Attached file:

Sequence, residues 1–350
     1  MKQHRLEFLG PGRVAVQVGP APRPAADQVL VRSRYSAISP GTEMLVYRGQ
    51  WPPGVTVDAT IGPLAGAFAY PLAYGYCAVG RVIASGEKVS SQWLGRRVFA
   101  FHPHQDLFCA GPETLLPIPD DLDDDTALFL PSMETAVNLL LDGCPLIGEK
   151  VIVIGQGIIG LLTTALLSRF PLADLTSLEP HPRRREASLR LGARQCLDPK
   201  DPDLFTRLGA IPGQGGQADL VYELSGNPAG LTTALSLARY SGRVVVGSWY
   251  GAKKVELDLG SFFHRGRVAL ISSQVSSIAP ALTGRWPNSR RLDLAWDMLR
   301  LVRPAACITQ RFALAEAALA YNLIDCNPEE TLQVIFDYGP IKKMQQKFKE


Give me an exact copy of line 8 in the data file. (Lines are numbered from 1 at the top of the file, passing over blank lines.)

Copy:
   301  LVRPAACITQ RFALAEAALA YNLIDCNPEE TLQVIFDYGP IKKMQQKFKE